Bricks Wine Advent Calendar 2017: Day 16

16 12 2017

By Raymond Lamontagne

Day 16 and we are still in California. Today we leave behind the high ABVs from grapes grown in the hot interior but vinified in Napa, to get a look at what Jon Bonne calls the “new California wine”. Rutherford is considered to be among the finest Napa Valley AVAs. It lies on the valley floor, getting ample sunshine and warm temperatures, two factors that translate into optimally mature grapes that yield opulent, richly-flavored wines. However, a cooling fog also moves northward up the valley from the Bay area, modulating the sunshine that would otherwise napalm the grapes into a watery oblivion. The results are ageworthy wines that display a precise balance of fruit and acidity. Although Cabernet Sauvignon is the undisputed king across the region, more traditional California variety Zinfandel retains a few toeholds here and there. At Frog’s Leap, Zin is the favourite.


Interestingly enough, the same Riedel varietal tumbler glass is used for Sauvignon Blanc/Riesling on the one hand, and Zinfandel on the other. Maybe they mean white Zinfandel?

John Williams and Larry Turley started Frog’s Leap in 1981, ultimately creating a successful boutique winery that grows only organic grapes and practices dry-farming of vineyards (no irrigation, which many believe leads to sickly vines and bloated grapes that contain less acid, more sugar, and fewer of the  phenolic compounds that make wine worth inspecting, as opposed to crushing). They also incorporate at least certain aspects of biodynamics. Although these guys do not take themselves particularly seriously, stewardship of the land is another matter. Careful attention to yields, the aforementioned dry-farming, and respect for terroir work together to spawn Zins that show restraint, high-toned acids, earthy flavors, and (thankfully for the Advent-soaked liver) more reasonable ABVs. All of this emerges with minimal use of intervention. John Williams believes that nature makes wine, rather than man or woman. Finally, some of Cali’s fascinating grape-growing heritage is reflected in the fact that these old school Zins are often technically field blends: Other black grape varietals grow amongst the Zinfandel vines and are tossed into the pot to round out Zin’s corners and provide additional aromas, flavors, and mouthfeel. These can include various teinturiers (grapes with red flesh, historically used to provide more colour) as well as old warhorses that might be consigned to the dust bin of history were it not for a recent (positive!) trend toward preserving the past. The 2015 Frog’s Leap Napa Valley Zinfandel is 79% Zin, 19% Petit Syrah (or Durif), and 2% Carignan. Let’s delve in.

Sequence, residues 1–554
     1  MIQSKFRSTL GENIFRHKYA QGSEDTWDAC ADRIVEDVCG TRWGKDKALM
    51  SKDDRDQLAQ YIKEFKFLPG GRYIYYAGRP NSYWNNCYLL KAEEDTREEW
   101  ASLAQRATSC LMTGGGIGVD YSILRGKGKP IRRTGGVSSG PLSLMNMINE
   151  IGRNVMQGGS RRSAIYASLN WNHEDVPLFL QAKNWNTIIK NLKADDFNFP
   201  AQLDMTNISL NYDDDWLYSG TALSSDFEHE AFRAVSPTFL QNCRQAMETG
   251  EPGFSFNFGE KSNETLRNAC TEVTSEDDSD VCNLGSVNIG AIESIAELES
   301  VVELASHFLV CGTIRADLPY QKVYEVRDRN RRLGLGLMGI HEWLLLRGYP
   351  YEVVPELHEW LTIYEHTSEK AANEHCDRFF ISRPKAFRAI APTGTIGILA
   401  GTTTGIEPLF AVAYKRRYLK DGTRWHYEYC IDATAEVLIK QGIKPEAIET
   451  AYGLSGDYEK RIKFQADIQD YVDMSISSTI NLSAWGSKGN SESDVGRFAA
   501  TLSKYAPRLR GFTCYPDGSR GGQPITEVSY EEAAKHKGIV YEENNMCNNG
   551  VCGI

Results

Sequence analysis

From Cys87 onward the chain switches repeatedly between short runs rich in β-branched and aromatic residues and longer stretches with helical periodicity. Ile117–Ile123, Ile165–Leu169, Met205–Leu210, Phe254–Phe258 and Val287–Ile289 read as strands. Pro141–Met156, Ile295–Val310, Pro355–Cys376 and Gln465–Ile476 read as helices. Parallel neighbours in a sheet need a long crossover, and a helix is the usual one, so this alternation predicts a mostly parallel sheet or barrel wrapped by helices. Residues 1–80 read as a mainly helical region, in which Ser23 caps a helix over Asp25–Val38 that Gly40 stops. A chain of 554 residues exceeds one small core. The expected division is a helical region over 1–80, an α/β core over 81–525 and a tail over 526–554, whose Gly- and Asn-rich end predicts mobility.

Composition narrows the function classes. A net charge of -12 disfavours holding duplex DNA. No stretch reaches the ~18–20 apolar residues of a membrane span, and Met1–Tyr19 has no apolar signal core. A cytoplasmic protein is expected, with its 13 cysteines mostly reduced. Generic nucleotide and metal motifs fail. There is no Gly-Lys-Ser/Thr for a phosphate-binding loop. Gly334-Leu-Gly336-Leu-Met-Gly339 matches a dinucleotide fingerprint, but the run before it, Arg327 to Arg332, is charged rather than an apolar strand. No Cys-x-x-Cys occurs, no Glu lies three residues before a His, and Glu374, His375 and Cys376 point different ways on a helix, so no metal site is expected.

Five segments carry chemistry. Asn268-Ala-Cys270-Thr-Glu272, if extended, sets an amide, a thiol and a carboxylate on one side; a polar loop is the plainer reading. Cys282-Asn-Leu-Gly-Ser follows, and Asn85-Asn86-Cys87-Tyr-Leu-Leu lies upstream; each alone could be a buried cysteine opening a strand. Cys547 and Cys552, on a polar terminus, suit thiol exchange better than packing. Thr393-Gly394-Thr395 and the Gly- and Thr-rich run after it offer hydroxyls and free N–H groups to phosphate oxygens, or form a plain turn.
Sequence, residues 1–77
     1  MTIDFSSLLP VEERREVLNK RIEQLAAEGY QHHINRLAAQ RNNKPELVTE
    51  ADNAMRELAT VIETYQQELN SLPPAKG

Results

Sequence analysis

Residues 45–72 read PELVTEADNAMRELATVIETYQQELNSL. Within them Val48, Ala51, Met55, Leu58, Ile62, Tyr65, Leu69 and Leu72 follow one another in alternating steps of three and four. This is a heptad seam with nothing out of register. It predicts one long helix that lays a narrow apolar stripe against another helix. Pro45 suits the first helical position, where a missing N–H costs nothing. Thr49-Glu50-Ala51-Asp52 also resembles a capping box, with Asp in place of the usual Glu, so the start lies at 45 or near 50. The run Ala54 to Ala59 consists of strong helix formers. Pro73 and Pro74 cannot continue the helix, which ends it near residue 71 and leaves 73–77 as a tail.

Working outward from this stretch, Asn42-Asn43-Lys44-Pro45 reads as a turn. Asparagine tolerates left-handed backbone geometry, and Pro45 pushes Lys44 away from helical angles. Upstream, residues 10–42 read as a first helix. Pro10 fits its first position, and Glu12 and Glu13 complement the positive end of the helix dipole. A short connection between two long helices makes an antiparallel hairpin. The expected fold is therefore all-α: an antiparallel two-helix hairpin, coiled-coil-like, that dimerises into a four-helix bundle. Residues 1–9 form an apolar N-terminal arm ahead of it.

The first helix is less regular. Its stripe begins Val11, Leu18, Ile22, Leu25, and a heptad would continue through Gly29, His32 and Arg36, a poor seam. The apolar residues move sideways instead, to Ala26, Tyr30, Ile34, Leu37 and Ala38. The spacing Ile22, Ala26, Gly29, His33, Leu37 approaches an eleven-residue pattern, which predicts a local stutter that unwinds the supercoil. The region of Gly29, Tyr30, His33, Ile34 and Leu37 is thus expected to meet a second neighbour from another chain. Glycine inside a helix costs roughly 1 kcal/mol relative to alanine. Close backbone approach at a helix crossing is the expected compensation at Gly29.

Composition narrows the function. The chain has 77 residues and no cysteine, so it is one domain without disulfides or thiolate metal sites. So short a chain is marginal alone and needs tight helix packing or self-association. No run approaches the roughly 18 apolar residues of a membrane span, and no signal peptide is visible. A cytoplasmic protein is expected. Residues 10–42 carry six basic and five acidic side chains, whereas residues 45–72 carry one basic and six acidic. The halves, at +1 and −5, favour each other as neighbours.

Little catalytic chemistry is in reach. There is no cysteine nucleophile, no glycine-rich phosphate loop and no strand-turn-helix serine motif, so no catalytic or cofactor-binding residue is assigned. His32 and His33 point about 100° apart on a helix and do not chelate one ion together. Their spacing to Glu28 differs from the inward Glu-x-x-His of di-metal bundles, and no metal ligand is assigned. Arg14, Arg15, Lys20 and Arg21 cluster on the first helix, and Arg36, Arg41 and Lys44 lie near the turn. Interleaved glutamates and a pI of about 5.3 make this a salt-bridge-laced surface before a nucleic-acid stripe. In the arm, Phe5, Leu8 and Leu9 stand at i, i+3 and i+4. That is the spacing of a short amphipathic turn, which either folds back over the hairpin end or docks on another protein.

Cork Rating: 6.5/10. I like the Frog’s Leap swoosh, but otherwise this looks a bit like a cigarette butt.

This is a truly smoky, meaty wine upon first impression. One quick sniff yields powerful hickory smoke BBQ sauce and fresh ground beef. A few more sniffs reveal bramble jam, complete with canes and leaves, pumice stones in a sauna, dill seed and weed, allspice (maybe I should just say pickling spices across the board). I taste mealy Saskatoon berries, blackberries purchased in winter when they are rather tart, strawberries, raspberries, maybe a dab of peach conserve and a sprinkle of sweet dried chilli. None of these fruits are overly ripe or cooked, and everything is just a day or two past green. Peter and I exchanged Instagram messages while tasting this wine, and in addition to what turned into a rather wonderful conversation about the twists and turns of life, he helped provide this take on the primary fruit. Somewhat sweet but far from jammy, and every bit as balanced as Rutherford promises to deliver. Fresh acidity lifts everything up, and the tannins have some grip and just enough stem. This is what I absolutely love about an old fashioned Cali Zin: bright fruit but with ample old thorn-bush shrubbery, robust smoke and spice, tons of country character, nothing blowsy. Curry spices (star anise, cumin, coriander) show up late. Finish is persistent and features another perfect symmetry between fruit and aromatics. After last night’s alcoholic explosion, this is a breath of fresh air. Incidentally, some of my favorite wines are those that trigger bittersweet memories. This one takes me back to the raspberry patch in my old backyard in NW suburban Calgary. I do not live there anymore and I am happy in the downtown core. But the memories remain.

92 points



One response

21 12 2017

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